resistors like little striped bugs in their multicoloured plastic casings, and    59 a special pen that lets you draw conductive silver traces on any surface.
I pile everything onto the floor and close my eyes, imagining the feeling
of accomplishment I will have when this is all done. From the other side
of the room I hear a scuffing sound. The sweeper robot is stuck in the
corner, bumping into the fireplace bricks over and over again with its
sweeper arm caught on a lint-covered sock.
10. Double-Entry System
I built a robot that records what you say in your sleep, then repeats the
phrases back to you over the course of the day. In the early evening it
prints up a report, in case you happened to be out of hearing range while
it was playing. I couldn't wait for that first report, to see if my words
matched my dreams or if somehow, while sleeping, I knew all the right
things to say. But the printout revealed only gaps and fuzzy connections.
There was a dream in which I was made to go back and repeat an exam
from fifteen years ago, yet I spoke cheerfully of holidays and hotel reservations. In another my house was a pastry shop, and my yard a giraffe
conservation area. I had rigged up a special feeder that funnelled food
and water through a tubing system from the kitchen into little pouches
suspended in the tree outside. As I poured pellets of almond meringue
into the tubes I remember thinking how happy I was, but I awoke in a
cold sweat. On the recording the sounds I made were indecipherable,
sped up beyond all understanding.
Near the morning, while dreaming of calm lakes and fireflies, I called
out three times for help.
11. Zookeeper
Tammy was part of a company-wide network of administrative ladies
who called each other on the telephone all day long, arranging to meet
for smoke breaks and telling each other when a new email full of cute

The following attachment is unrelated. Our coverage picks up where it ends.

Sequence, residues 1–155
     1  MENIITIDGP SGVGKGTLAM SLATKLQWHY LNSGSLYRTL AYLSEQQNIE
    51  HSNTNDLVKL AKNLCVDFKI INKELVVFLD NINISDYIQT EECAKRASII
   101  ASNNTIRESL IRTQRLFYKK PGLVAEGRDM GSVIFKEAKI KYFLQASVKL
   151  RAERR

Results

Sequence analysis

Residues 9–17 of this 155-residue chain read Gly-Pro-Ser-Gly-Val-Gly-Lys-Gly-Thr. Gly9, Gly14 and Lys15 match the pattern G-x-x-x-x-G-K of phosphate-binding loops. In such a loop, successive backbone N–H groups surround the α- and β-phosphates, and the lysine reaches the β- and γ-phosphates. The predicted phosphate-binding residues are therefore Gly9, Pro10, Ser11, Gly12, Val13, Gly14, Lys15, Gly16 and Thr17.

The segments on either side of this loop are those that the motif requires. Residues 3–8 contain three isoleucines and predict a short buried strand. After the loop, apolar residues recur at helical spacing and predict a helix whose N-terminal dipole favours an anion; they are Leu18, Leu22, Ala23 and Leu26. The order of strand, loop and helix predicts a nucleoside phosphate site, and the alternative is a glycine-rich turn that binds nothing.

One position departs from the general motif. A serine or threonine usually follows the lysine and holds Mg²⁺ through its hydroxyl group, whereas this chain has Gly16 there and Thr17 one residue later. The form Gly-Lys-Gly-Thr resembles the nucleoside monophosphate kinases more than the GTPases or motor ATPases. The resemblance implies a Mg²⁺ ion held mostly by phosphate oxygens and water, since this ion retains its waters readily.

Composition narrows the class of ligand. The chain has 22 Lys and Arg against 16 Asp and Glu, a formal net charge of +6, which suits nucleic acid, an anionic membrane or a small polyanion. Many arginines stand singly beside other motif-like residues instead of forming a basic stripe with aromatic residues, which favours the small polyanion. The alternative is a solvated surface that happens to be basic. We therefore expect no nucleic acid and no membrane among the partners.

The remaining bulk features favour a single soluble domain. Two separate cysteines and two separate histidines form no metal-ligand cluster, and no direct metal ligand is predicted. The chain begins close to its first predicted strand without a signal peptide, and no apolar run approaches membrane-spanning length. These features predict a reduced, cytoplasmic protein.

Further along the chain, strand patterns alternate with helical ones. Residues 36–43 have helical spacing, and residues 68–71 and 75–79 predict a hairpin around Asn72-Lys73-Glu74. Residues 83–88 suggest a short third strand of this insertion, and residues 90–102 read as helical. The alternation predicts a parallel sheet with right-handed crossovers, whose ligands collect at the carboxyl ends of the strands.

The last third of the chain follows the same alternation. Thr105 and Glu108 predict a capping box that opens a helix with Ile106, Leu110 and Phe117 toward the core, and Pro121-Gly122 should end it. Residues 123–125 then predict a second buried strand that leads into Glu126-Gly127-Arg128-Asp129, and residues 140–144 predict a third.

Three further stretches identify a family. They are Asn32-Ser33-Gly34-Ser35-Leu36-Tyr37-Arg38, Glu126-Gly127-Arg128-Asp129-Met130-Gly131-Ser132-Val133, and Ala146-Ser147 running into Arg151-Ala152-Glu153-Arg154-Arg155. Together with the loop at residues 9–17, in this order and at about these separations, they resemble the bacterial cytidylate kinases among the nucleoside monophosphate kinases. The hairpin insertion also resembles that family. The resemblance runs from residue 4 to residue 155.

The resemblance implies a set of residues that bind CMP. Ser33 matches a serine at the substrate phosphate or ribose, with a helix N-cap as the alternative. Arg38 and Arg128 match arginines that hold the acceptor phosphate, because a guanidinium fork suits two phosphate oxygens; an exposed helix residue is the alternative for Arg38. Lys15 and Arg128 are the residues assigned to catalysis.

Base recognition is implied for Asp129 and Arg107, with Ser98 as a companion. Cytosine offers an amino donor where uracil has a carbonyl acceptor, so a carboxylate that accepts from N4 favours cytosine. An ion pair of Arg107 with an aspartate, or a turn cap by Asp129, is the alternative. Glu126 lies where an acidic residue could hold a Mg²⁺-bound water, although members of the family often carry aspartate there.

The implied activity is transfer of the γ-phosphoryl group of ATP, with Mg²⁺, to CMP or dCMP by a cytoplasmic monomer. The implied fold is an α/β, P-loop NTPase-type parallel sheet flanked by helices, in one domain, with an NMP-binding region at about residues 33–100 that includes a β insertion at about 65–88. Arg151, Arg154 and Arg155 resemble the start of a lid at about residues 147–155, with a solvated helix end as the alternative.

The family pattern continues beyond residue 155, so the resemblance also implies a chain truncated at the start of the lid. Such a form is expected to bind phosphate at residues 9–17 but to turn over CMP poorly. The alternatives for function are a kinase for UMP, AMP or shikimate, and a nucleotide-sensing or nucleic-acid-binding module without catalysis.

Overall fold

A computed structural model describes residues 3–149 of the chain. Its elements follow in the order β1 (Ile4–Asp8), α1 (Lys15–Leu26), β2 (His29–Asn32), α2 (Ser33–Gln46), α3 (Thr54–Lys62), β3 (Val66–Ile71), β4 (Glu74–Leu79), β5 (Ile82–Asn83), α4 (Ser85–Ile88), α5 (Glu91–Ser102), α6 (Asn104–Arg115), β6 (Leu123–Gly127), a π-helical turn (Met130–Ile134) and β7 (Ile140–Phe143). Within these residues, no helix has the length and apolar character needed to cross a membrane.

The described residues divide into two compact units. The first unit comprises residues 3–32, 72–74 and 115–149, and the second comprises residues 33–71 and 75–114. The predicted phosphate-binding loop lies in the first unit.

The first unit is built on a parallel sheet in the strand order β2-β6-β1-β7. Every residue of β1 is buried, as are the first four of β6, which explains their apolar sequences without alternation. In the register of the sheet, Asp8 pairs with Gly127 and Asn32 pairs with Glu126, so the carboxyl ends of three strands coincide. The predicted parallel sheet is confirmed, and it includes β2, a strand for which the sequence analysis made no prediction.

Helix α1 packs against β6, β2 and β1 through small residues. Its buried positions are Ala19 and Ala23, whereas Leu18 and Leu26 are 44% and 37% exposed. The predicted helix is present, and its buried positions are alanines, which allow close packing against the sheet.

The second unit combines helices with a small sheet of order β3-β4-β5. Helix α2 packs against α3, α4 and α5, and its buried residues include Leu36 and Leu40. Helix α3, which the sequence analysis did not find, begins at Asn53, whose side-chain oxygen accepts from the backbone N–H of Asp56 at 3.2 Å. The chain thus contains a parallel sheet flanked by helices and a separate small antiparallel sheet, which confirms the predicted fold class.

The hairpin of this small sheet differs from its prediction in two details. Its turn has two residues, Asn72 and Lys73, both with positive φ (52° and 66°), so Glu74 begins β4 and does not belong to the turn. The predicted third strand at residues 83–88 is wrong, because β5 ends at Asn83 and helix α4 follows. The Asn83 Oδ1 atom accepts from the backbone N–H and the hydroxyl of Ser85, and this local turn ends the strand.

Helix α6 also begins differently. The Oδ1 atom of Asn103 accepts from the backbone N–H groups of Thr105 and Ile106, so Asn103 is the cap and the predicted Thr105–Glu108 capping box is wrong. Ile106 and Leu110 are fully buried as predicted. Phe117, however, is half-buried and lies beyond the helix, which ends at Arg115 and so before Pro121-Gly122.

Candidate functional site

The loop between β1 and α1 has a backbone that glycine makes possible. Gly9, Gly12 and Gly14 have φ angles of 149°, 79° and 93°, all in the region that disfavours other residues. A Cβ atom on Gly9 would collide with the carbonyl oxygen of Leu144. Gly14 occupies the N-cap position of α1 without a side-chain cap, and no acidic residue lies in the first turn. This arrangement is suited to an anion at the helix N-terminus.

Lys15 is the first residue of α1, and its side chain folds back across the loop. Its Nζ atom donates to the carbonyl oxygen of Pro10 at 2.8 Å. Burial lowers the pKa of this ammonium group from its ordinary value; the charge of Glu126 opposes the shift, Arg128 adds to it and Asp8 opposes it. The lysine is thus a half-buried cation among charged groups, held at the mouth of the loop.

photos (kittens hanging from branches, ducks and puppies in love with
each other) had been sent or received. Her cubicle was covered in posters and calendars featuring animal babies of all kinds: gorillas and orangutans, lambs and foals. Fawns with spots were her favourite. She even
had a small corner of her desk devoted to what she called the "ugly-cute"
type of animal baby, which included goslings and warthogs, baby pelicans and crocodiles. The warthogs were captured in a panoramic scene,
bounding single file across a stream behind their mother. Tammy didn't
have any children but often sold chocolate bars on behalf of her nieces
and nephews, to raise money for their elementary schools. She would
leave them in a box on top of the water filter, with "Please pay Tammy
60     PRISM 48:1 $4 per" handwritten on one of the cardboard flaps.
At the Christmas party, which had been pushed further and further
away from Christmas to the point where it was almost Valentine's Day,
I finally got up the nerve to say something to her. I thought it would be
a good time, since she seemed to have drank quite a bit so if she didn't
like what she heard there was a good chance she wouldn't remember it.
But it didn't go right.
She was rummaging around underneath the tree (she had put up and
decorated an artificial tree, even though it was February). She wanted
to make sure none of the gifts for the children of employees had been
missed. There was no Santa, just Johnson dressed up in a Hawaiian shirt
and a Santa hat. She stood and moved behind the tree, and I thought of
that scene in White Christmas, where Bing Crosby and Rosemary Cloo-
ney are finally reconciled after a big misunderstanding.
I don't even know for sure anymore exactly what it was that I said. I
wanted to compare her to the angel on the tree, let her know she was as
beautiful as that freckles and all, but what came out was more like: you'd